Glowing Fish wrote about this topic but I would like to expand upon it, for I see in Tolkien's work not simply a treatment of magic as craft, but magic as danger.
In recalling my readings of the Middle Earth tales, I am struck by how little the author seems to like magic as a concept. In a similar vein to the Wizards of Discworld, Tolkien treats magic as a dangerous force better to be avoided than used. Unlike the Forgotten Realms and all its derivatives, unlike the high and low fantasy we have come to know, Tolkien's Middle Earth does not approve of magic.
Take, for example, the most well-known set of magical artifacts involved in the stories: The Rings of Power. How often do you see any one of them used at all? Of the three elven rings, none are used on camera -- the ring of water presumably makes the creek rise to sweep away the Nazgul, and MAYBE Galadriel uses the ring of air to overthrow Dol Guldur, but as far as I remember Gandalf never uses the Ring of Fire. The only ring we ever see in explicit use is the One Ring, and it's only in The Hobbit when Tolkien hadn't figured out what the ring was. As soon as the Lord of the Rings books come around and we see the One Ring for what it is, its functions are written to be evil.
Three rings of power that the elves were specifically entrusted not to use. One ring that the book keeps telling us over and over again not to use.
Seven rings for the dwarf-lords, who were able to resist the corrupting influence of their gifts.
Nine rings wielded by mortal kings, who were unable to resist, and became the chief servants of Sauron.
Take, for another example, the lesser-known magical artifacts of Middle Earth: The Silmarils. Not made by an evil figure nor filled with a corrupting influence. Right? WRONG! Everyone who gets involved with the silmarils comes to ruin besides Earendil. Elu Thingol asks for Beren to retrieve a Silmaril and he loses his daughter and then he gets killed by the Dwarves who want the jewel. Then the dwarves get killed by Beren. Feanor and his sons swear a binding oath to get the Silmarils back, Feanor gets himself killed in the process, the remaining sons fulfill their binding oath by attacking and destroying Doriath in pursuit of the Silmaril, which, by the way, could only have happened because Thingol's wife left Middle Earth in her grief, so really the whole mess is Elu Thingol's fault for setting up the stupid Fetch Quest in the first place.
Yet the silmarils are also Morgoth's undoing, because they weigh him down with their light for hundreds of years, and then one of them guides Earendil across the sea so he can seek help from the Valar.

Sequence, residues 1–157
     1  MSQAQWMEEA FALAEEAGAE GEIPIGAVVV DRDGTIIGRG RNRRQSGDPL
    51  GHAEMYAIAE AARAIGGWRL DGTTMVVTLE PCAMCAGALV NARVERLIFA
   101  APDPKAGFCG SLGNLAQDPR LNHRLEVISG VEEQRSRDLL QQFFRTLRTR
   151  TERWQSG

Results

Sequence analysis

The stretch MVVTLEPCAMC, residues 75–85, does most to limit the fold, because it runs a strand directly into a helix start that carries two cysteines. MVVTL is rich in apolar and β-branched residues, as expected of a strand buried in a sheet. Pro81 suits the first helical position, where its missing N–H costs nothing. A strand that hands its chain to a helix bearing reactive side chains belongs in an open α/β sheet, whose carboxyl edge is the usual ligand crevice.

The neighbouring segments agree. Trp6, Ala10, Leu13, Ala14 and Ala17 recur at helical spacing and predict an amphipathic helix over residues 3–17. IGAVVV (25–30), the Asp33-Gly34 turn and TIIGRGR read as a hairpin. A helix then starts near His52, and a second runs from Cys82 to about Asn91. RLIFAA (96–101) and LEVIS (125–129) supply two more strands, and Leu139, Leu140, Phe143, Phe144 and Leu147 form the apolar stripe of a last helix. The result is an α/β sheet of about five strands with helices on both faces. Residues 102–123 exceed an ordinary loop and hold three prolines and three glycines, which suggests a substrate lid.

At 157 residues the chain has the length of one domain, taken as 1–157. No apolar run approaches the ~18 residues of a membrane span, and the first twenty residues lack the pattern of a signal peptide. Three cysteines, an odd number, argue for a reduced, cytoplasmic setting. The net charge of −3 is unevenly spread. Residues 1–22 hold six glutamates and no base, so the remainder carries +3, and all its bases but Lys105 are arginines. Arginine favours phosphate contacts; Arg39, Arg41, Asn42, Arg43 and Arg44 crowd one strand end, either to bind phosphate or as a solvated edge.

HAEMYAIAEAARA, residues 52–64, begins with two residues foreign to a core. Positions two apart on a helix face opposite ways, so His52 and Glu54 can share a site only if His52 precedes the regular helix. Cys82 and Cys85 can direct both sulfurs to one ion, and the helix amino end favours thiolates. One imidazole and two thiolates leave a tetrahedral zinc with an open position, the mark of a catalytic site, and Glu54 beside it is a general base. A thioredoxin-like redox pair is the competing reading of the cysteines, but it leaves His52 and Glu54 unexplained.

Earendil winds up carrying the Silmaril in his ship through the heavens, far out of reach. The other is now stuck in a deep crevice of the earth, and the third is stuck in the ocean somewhere.
Consider the third, and least-known of the magical artifacts of Middle Earth: the Palantiri. The far-seeing stones, devised by Feanor to communicate with each other and let powerful people see far across the world. By the time we see them in The Return of The King, all but two are lost. Of the two remaining, both are revealed in the chambers of great leaders who fell from grace: Saruman and Denethor. Saruman cast his eyes wide over the world and was ensnared and deceived by Sauron. Denethor cast his gaze over the works of Sauron, and sunk into suicidal despair.
A set of magical video phones and Tolkien manages to make them a source of corruption too. Jesus Christ! And you think it stops there? The last act of the Hobbit has everyone fighting everyone for the Arkenstone.
It's almost as if Tolkien can't write about a magical artifact without turning it into something too dangerous for use. The only GOOD magic artifacts in the entire story are the Boats of Cirdan and the Great Horn of Boromir.
As if that wasn't enough, Tolkien limits the large-scale use of magic in Middle Earth to evil characters and evil beasts. Sauron acts as the greatest magician in Beleriand. Shelob is a giant spider. Balrogs are wrapped in shadow and flame. The leader of the Nazgul is called the Witch King. Saurman, the greatest wizard of the Third Age, is the antagonist of Book 2. Gollum, who used the One Ring longer than anyone else, was warped and twisted by it. Old man Willow tries to eat the hobbits. The Barrow -wights try to eat the hobbits. Meanwhile the Nine heroes of the fellowship almost never use magic, and Gandalf himself is a being whose bosses specifically limited his power level so he wouldn't become corrupt. Of the remaining eight, only Aragorn uses magic, it's specifically for healing, and he only does it at the end of the story.
And the most powerful woman in Middle Earth is Galadriel and you NEVER see her use her abilities directly. The one time she comes close is when Frodo offers her the ring and she almost takes it and the movies play that part up better than the book, because she almost goes nuts. She only passes the test by resisting.
Gollum failed his test, and was killed by his pursuit of magic.
As was Sauron, in the end.
In Middle Earth, magic is a force to be avoided. It corrupts the strong, devours the weak, and invites only sorrow. Everyone who gets involved suffers.
Go to Forgotten Realms if you want safe magic. Otherwise, the best you can hope for in Middle Earth is if you stumble into Tom Bombadil's house.